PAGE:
Scientists say there are more than a hundred "super-strains" of lice and Florida is a hot spot for them.
They're becoming resistant to over-the-counter treatments for the blood sucking bugs, according to a recent study.
Maggie Ross dealt with the bugs recently, after her 7-year old daughter came home with them, "I noticed the night before she was scratching her head. Ok, kids scratch their heads."
Then, after her bath that night, Maggie noticed her daughter's hair was covered with them.
"There were bugs everywhere. There were black bugs crawling everywhere. I freaked out," Maggie said.
Maggie said she put all of her children's clothes in the dryer, and treated her daughter with an over-the-counter treatment.
After that, she said she covered her hair with olive oil and kept it on overnight. She then used vinegar to help making the combing process easier while she removed the eggs.
"Every single kid gets it. There's nothing you can do to stop it. If they're going to get it, they're going to get it," Maggie said.
Some people are using alternative methods to treat their kids if the over-the-counter treatments don't work.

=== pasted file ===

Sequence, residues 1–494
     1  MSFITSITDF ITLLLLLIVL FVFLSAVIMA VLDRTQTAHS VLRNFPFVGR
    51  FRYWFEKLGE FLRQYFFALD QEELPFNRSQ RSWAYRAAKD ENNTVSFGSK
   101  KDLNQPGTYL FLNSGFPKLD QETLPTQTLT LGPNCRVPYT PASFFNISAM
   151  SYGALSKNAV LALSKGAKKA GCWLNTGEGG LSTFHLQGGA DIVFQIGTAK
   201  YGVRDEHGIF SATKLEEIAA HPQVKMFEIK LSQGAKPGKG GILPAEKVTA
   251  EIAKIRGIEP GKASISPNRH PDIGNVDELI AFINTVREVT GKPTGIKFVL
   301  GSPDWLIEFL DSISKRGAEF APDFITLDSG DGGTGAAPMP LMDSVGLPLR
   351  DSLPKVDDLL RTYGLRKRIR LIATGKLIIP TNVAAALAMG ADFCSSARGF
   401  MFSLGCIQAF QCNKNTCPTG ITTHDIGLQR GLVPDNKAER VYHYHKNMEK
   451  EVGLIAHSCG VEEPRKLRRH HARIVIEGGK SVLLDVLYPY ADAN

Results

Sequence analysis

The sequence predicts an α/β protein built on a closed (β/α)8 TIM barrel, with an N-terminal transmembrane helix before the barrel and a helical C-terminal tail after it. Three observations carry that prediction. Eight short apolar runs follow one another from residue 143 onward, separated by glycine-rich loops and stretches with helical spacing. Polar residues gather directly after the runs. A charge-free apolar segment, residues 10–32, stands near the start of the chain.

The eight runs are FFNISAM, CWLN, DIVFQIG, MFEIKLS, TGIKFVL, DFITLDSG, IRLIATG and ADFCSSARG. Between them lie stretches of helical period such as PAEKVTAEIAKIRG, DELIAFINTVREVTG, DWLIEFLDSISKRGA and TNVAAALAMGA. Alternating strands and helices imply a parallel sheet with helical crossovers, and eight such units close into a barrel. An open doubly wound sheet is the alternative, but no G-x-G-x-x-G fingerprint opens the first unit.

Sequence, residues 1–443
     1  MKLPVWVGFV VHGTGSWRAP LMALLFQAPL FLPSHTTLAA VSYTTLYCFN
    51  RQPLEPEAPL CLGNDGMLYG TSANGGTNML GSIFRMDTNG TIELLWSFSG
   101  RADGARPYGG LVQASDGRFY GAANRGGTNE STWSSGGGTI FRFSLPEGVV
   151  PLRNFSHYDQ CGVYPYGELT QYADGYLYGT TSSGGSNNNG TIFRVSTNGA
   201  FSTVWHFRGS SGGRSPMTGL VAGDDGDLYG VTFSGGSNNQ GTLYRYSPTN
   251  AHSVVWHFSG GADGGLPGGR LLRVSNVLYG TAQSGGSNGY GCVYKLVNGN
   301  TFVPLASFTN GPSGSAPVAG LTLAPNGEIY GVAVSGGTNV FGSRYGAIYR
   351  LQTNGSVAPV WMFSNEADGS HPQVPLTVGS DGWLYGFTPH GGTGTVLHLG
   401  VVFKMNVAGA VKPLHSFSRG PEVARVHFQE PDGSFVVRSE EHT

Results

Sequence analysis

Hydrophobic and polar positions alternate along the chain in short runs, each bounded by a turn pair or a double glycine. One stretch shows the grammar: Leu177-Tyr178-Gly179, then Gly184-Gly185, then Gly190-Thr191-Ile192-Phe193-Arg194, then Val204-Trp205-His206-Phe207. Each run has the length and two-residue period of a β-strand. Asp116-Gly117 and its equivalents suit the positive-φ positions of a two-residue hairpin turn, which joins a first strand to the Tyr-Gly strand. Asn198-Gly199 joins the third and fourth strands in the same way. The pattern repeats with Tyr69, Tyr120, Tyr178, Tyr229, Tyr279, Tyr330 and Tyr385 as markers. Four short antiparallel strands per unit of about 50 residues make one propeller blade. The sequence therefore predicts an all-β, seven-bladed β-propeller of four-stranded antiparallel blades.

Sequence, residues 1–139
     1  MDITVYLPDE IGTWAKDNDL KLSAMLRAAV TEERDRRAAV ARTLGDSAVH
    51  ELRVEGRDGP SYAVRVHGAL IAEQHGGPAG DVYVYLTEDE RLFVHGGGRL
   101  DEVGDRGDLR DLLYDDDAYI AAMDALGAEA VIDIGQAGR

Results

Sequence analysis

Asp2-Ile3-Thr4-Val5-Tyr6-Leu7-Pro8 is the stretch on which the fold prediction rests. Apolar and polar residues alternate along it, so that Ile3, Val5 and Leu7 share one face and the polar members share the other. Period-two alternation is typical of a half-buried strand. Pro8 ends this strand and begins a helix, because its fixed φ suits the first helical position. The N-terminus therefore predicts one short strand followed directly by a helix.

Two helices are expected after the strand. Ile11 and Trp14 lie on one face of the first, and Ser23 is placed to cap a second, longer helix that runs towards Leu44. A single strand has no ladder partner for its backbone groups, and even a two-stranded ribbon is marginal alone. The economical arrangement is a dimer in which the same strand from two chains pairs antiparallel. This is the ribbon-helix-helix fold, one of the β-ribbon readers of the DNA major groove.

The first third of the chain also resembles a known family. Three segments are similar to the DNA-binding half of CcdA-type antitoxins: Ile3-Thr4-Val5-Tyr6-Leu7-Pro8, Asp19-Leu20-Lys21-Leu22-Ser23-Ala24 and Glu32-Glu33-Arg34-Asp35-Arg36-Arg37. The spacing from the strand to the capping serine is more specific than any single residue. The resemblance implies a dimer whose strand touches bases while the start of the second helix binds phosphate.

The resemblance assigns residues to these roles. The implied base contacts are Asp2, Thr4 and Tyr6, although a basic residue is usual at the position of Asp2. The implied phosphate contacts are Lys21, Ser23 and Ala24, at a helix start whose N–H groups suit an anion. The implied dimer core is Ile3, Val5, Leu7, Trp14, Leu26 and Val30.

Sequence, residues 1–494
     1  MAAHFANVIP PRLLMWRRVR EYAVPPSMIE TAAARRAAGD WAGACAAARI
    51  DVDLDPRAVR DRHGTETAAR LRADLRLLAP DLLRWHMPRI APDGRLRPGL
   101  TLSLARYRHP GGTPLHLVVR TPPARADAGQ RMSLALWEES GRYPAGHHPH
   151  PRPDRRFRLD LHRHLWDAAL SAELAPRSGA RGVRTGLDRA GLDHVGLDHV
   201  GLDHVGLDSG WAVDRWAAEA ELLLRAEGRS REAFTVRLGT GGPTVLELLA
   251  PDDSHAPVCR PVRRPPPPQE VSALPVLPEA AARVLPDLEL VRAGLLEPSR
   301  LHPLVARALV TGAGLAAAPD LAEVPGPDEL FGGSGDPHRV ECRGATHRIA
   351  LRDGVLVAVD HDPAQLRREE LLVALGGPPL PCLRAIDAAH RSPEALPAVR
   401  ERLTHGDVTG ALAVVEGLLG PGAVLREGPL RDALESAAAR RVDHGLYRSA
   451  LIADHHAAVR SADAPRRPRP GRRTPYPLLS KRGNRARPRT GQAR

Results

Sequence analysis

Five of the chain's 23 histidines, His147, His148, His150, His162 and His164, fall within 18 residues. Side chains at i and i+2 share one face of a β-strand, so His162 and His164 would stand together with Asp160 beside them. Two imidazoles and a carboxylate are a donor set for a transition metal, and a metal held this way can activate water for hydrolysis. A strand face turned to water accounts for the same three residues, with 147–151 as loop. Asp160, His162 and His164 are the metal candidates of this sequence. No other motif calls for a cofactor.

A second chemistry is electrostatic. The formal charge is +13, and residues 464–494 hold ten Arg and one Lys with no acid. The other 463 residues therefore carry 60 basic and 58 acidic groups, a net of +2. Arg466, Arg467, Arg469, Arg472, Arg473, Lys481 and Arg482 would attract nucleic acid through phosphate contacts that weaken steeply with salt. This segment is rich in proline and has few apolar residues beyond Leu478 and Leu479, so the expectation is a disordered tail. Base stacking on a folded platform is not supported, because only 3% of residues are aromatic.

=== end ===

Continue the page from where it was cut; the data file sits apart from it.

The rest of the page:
"More people try something at home first and when they find that it's a losing battle, it takes a couple of weeks but they end up here," said Lara Paradiso of Lice Clinics of America.
She opened her business months ago after she got lice from her daughter.
"I literally wanted to set my hair on fire when I found out I had bugs on my head," she said.
Lara said 85% of mothers are like her and get lice from their children.
She said 30% of fathers get it, too, from their kids.
Her clinic uses a treatment called Air Alle, which dehydrates the eggs and kills them in one session, according to Lara.
The treatments cost around $200.
Experts suggest teaching your kids about "personal space" so they avoid the head-to-head contact that spreads lice. They also say it's important children don't share their hair care products like brushes and hair ties.